I'm a multi-tasking failure.

Multitasking hell. (Not typical of how I usually work. But some days....

Multitasking hell. (Not typical of how I usually work. But some days....

I've seen my multitasking skills change over time. I used to be able to talk, whip up a batch of cookies all while leaping over tall buildings in a single bound. Ok, that middle one isn't true. ;) 

But the last few years I've seen a change. And it seems that now I am a complete failure at multitasking.  Where once I felt that I could juggle several tasks in a fairly competent manner, now I just suck at them. (Or maybe I was never really that good in the first place?)

But I'm learning. Slowly.

If I need to write a blog post, just do that. Don't check my email, try to brainstorm creative ideas, while trying to listen to my husband explain something about his work AND try to write at the same time.  NOTHING gets done! Certainly not well. Not even half assed. And then I feel all discombobulated ( I love that word!) and frustrated. 

No, I don't have early onset dementia. (Don't you hate those days where you feel like you do?) But what I've learned is that multi-tasking can be incredibly inefficient. Not only from my own experience, but from research, too. (See references below. Not exhaustive, of course, but a place to get you started if this interests you.)


So here's what I'm trying to do. And I'm still practicing at this, almost feeling like a recovering multi-tasker. But when I have something to do that consumes more of my brain than putting the dishes into the cupboard or tying my shoelaces, JUST DO ONE THING!  (Ok, maybe two.) Here are some more tips, too.

Why is it so hard to stop multitasking? Simply put, almost all our technology today encourages multitasking, interruptions, and distractions. It’s hard to recognize how prevalent it is, and even harder to stop it. The misperception that multitasking is a more efficient way to work and the latent fear that you might miss something both contribute to the dire situation today.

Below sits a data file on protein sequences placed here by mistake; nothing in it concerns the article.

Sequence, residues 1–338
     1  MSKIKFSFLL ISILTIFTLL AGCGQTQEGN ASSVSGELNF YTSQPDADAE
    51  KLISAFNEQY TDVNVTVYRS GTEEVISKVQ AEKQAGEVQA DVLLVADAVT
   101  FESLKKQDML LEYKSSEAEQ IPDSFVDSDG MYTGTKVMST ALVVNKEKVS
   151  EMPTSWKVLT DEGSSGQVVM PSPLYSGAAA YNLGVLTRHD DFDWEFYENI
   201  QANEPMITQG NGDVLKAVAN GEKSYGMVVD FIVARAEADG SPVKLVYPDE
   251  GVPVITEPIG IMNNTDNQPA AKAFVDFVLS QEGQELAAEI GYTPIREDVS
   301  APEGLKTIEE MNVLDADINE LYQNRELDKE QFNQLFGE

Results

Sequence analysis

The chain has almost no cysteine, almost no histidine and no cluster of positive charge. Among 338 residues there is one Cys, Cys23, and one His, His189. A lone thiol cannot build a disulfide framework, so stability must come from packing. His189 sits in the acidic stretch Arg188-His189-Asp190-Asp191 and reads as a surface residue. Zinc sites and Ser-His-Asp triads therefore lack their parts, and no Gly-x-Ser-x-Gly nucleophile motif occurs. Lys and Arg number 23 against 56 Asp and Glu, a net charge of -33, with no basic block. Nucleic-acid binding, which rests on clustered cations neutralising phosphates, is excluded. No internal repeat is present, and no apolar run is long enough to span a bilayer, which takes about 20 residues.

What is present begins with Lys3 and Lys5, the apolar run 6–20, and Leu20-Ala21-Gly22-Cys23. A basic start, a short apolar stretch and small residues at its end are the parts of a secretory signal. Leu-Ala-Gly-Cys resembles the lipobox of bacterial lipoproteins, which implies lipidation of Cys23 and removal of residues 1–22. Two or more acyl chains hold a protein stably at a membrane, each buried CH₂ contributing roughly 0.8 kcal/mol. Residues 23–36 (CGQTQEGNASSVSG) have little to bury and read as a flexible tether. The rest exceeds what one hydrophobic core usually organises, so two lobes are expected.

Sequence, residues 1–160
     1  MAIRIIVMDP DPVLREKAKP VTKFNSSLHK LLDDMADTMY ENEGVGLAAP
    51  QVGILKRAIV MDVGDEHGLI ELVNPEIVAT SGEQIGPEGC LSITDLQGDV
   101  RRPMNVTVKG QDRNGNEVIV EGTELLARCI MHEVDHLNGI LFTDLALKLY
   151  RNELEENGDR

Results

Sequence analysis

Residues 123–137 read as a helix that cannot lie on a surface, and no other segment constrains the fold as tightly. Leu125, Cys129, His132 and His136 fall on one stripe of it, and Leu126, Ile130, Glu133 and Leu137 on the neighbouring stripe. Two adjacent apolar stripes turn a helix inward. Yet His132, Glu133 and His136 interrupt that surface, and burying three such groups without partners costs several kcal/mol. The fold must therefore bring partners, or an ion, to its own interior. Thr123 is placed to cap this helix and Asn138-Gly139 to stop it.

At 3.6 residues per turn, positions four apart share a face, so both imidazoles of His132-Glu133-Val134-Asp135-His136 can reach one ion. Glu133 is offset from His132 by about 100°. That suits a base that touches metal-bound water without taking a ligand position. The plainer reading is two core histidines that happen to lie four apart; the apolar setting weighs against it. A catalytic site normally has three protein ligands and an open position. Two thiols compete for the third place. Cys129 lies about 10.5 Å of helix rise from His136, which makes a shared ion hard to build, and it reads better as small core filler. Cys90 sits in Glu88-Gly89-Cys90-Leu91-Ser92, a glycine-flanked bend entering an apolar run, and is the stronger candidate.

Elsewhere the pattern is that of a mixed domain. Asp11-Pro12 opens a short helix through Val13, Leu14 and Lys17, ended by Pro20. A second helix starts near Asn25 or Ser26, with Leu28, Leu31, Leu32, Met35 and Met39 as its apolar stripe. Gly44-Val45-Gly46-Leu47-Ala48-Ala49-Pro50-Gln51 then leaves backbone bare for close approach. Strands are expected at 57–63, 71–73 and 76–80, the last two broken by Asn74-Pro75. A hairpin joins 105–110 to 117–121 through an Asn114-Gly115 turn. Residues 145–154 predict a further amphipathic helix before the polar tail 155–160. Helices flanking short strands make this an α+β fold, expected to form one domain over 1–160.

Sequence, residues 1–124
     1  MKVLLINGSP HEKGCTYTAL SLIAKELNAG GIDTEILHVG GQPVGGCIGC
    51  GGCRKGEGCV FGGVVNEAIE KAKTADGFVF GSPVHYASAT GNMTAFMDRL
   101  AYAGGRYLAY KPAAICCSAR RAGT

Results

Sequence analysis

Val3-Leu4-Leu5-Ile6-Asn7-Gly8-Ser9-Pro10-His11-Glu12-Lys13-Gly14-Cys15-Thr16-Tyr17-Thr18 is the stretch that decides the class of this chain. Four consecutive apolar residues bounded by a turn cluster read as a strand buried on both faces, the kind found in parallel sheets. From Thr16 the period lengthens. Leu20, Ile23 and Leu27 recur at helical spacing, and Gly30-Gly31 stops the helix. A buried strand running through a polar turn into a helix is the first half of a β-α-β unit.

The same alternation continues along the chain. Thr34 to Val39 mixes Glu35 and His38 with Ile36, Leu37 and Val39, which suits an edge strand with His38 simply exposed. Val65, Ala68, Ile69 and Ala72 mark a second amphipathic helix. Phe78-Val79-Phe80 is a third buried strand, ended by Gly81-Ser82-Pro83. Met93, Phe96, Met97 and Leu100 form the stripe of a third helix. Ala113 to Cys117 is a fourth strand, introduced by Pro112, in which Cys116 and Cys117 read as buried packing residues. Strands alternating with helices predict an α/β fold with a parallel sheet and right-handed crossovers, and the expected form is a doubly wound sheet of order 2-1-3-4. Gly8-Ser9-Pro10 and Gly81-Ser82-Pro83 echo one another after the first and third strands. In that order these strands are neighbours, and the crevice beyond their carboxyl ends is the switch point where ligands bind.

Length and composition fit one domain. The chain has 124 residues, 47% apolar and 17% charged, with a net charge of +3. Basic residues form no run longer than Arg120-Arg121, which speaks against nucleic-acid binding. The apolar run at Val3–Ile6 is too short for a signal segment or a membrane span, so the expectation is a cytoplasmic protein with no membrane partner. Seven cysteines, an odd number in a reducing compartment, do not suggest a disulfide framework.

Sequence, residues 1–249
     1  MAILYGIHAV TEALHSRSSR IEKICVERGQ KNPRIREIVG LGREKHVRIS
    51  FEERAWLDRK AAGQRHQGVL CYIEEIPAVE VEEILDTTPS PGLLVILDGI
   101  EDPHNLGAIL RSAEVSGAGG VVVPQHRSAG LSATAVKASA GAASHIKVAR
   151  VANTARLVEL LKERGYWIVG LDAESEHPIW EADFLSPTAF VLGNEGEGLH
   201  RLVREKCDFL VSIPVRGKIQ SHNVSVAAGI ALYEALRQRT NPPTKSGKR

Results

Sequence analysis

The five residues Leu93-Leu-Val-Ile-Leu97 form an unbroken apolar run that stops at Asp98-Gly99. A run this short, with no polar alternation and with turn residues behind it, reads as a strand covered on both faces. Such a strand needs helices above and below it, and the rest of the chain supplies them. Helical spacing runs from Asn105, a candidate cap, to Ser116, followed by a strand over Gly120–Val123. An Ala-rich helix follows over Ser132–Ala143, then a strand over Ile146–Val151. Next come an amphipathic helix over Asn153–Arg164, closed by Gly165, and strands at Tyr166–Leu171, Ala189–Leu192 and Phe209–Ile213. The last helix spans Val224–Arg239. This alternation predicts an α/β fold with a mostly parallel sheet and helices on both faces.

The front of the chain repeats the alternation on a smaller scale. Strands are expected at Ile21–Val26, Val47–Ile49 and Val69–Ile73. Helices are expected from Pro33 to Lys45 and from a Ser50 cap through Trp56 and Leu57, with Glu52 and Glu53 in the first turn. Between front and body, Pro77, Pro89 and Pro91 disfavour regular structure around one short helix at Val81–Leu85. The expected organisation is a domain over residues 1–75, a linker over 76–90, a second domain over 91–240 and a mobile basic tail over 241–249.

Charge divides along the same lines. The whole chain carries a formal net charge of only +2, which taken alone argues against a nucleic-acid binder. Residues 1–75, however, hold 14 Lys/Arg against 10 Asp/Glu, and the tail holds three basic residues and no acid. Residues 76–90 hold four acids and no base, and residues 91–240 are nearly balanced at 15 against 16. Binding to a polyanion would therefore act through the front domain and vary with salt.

— Scott Will, "Being Agile: Eleven Breakthrough Techniques to Keep You from 'Waterfalling Backward' "

As a recovering multi-tasker, I understand how hard this is!

If your partner is talking to you, put down your candy crack game. Cause you know he's going to sound just like Charlie Brown's teacher - " blah meh meh meh, meh blah blah, blah......." while you're focused on your game, reading email, whatever.  

If your kid needs help with a report they are writing, do they have your attention while you're responding to work email while she's telling you her ideas? Your kid is more important. Right?

My own personal favorite is having about five windows open on my computer (email, iMessage, Facebook, Lightroom and the back office portion of my website). Out of all those things, what was I actually trying to work on? Good question!!! Needless to say not much gets accomplished on the kind of day pictured above.

I find that multi-tasking feeds the " squirrel effect" too. That squirrel is all fat and happy as you flit around from task to task to "why am I on Facebook?" Let's focus to get that squirrel nice and skinny by not doing so much at once!

Singular focus. One task. Beautiful simplicity.

Singular focus. One task. Beautiful simplicity.

Now you know that multitasking is inherently inefficient. Forget the idea that it’s somehow an efficient way to work. Instead, adopt this agile mentality: “Stop starting; start finishing!” Figure out what you already have in progress, finish those items that need to be finished (beginning with the most important), and jettison the rest. Only when you have a clean slate should you start working on something new.
— Scott Will, "Being Agile: Eleven Breakthrough Techniques to Keep You from 'Waterfalling Backward' "

A few resources for you

"Why Multitasking Isn't Efficient—Multitasking is a myth: Your brain is actually rapidly switching focus from one task to another."

"Multitasking is Out, Single Tasking is In" 

"Being Agile: Eleven Breathrough Techniques to Keep You from "Waterfalling Backward" or from Amazon. (I haven't read this book yet, only the excerpt from the publisher's website, but it does seem interesting.)

Your Feedback

I'm curious to know how you deal with this. Or do you feel like you get a lot accomplished when you're doing five things at once? What would happen if you did just one thing at a time? (Doing laundry doesn't count because there is too much down time between loads. It's ok to multi-task with this chore. :) Perhaps a 20 minute nap between loads?)


~Barb Kellogg, photographer, tea drinker, and dark chocolate lover